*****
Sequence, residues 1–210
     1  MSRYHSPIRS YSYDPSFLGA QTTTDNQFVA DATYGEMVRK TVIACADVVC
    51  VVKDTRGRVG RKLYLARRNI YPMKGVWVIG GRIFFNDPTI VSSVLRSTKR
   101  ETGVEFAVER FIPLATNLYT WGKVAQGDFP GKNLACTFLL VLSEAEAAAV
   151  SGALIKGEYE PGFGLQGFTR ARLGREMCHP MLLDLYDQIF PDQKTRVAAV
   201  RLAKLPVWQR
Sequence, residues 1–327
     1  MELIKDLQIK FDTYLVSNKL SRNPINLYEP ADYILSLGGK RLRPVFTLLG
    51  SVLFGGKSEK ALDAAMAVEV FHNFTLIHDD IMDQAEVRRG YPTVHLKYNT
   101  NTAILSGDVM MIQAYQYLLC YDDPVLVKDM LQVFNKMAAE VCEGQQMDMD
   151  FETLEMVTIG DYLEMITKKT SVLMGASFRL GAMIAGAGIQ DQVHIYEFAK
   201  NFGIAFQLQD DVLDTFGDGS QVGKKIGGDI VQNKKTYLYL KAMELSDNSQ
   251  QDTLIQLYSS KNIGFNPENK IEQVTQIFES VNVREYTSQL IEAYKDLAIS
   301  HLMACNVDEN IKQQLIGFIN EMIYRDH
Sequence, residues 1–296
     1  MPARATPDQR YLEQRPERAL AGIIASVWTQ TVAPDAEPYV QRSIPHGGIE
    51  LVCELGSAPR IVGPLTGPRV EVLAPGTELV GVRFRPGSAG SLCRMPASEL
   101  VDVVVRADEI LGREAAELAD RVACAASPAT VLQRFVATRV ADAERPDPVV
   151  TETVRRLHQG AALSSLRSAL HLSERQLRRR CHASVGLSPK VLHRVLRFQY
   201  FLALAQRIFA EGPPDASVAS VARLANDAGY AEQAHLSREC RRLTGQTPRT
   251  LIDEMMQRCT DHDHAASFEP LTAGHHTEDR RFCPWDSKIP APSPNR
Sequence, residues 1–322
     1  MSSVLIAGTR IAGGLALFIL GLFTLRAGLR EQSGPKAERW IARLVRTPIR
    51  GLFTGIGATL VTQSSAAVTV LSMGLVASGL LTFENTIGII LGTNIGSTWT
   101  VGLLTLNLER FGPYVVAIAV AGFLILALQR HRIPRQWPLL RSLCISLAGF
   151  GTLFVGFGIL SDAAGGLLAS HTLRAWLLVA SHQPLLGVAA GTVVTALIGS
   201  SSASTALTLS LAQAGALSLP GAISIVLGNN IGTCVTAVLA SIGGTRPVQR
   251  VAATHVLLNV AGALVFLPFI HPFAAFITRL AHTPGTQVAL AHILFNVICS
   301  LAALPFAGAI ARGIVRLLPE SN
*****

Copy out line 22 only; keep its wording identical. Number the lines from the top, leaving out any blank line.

Sequence, residues 1–322